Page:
5 Tricks for Better Search Results on Ancestry.com

Family Tree University newsletter    July 20, 2015

Tyler Moss
Online Editor
Family Tree University

Ancestry.com is a genealogy black hole.

How many times have you started searching on Ancestry.com at 10pm, only to look up at the clock and see it’s past midnight? That experience certainly strikes a familiar chord for me, as I’m sure it does most genealogists who subscribe to the massive family history database.

But here’s an important question: How constructive is that chunk of time spent scrolling through search results or paging through old documents? In the end, hours spent on Ancestry.com can equate to few actual additions to your family tree.

The six videos in the week-long workshop, How to Maximize Ancestry.com, will help you make the most of your time. In addition to learning advanced search strategies, you’ll develop skills for searching family trees, searching special collections such as the federal census, and even learn about AncestryDNA. See the full course outline here, and register today!

5 Tricks for Better Search Results on Ancestry.com

Course Details: How to Maximize Ancestry.com: A One Week Workshop
Date: 7/24 – 7/31
Length: 4 weeks
Price: $129.99
Instructor: Nancy Hendrickson
Register Now

1. SEARCH WITH WILDCARDS. Ancestry.com lets you use a ? to stand in for one letter or a * to stand in for zero to five letters in a name. You can use a wildcard as the first or last character, but not both, and the name must have at least three non-wildcard characters.
2. GET AUTOMATIC HINTS. Ancestry.com can automatically search its vast collections of records and family trees for your ancestors. Just keep your family tree in Family Tree Maker software for Windows or Mac or create a free Ancestry Member Tree online. Working in the background, Ancestry.com searches its records and family trees for matches to people in your tree. A waving leaf by a name in your tree indicates a potential match. Just click to view the hint. You can review the record to make sure it pertains to your ancestor and then attach it to your tree.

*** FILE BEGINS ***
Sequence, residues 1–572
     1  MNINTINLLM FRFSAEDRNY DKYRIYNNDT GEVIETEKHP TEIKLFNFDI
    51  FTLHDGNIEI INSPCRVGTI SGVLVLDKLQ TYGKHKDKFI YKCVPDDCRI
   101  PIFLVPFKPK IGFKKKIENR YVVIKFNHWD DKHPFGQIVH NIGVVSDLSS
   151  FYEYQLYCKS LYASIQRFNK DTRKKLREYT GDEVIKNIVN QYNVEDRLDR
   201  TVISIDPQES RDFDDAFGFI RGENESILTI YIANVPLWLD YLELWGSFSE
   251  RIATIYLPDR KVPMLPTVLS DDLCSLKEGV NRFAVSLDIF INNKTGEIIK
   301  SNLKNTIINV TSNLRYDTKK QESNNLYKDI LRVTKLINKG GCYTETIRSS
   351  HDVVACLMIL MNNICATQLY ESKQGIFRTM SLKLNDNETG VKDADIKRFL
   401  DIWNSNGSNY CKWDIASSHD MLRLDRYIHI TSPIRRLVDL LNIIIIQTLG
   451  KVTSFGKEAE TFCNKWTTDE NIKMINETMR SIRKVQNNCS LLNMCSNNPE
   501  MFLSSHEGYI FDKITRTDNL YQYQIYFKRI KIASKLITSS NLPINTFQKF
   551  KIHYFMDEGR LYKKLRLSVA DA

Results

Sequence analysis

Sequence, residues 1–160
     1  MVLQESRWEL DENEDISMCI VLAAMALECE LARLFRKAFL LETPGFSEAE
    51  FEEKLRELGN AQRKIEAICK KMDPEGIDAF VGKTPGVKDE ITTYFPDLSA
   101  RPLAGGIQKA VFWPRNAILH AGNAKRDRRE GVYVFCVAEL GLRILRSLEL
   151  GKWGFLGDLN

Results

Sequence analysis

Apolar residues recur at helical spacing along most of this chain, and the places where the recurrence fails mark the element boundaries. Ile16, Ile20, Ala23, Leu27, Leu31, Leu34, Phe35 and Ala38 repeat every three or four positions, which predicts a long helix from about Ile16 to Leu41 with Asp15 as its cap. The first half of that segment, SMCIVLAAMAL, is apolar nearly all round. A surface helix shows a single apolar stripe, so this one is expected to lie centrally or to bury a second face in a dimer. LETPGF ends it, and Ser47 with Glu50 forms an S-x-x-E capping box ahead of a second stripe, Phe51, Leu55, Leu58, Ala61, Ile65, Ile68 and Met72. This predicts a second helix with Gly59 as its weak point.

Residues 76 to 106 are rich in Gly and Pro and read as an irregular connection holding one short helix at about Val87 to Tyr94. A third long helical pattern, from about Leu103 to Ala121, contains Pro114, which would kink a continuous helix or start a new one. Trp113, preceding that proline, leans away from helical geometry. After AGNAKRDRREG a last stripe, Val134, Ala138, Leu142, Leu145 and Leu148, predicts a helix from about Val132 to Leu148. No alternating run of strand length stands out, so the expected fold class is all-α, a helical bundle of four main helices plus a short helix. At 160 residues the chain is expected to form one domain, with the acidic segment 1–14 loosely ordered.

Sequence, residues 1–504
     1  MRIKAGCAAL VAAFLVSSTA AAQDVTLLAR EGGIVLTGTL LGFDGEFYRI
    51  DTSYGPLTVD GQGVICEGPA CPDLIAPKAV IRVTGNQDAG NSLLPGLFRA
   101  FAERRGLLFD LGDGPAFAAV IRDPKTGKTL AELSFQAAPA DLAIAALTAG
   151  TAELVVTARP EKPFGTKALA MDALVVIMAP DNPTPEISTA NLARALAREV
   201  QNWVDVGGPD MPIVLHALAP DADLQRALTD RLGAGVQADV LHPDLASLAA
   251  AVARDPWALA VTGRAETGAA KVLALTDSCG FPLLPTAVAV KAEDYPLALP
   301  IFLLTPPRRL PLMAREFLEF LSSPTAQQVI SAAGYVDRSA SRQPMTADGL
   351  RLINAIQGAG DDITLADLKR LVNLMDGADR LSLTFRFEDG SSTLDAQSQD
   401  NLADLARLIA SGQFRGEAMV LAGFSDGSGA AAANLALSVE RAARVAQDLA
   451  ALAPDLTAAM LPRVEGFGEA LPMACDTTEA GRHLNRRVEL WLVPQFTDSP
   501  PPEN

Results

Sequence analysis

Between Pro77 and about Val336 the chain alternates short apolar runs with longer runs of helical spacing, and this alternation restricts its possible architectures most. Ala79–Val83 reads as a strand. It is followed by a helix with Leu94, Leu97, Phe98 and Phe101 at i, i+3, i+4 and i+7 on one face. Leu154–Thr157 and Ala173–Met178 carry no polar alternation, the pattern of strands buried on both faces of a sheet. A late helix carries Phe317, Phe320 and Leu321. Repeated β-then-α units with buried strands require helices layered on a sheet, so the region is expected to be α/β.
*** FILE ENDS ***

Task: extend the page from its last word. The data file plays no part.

3. EDIT YOUR TREE ON THE GO. Use Ancestry.com’s free mobile app for Apple or Android to create and edit your Ancestry Member Tree on your phone or tablet. You can add records you find in Ancestry.com, as well as those uploaded from your device. Changes will automatically sync to all your devices.
4. FIND IT FREE. Search the Ancestry.com card catalog on the keyword free, and many of the results will be free databases. You can access almost all of Ancestry.com’s records free from a library that offers Ancestry Library Edition on its computers. Check the website or ask your librarian to see if your library offers this service.
5. DON’T LOSE ACCESS TO YOUR RECORDS. Anyone can create an Ancestry Member Tree for free and as a paying subscriber, you can attach records from Ancestry to people in your tree. But if you let your subscription lapse, you could be in for an unpleasant surprise: You’ll be able to access your tree and any records uploaded from your computer, but not the records attached to it from Ancestry.com.
To avoid this, when you attach a record to someone in your Member Tree, save a copy to your computer with a descriptive name so you can easily find it. You also could use Family Tree Maker software so you’ll have a copy of your family tree on your computer that automatically syncs with your online tree.

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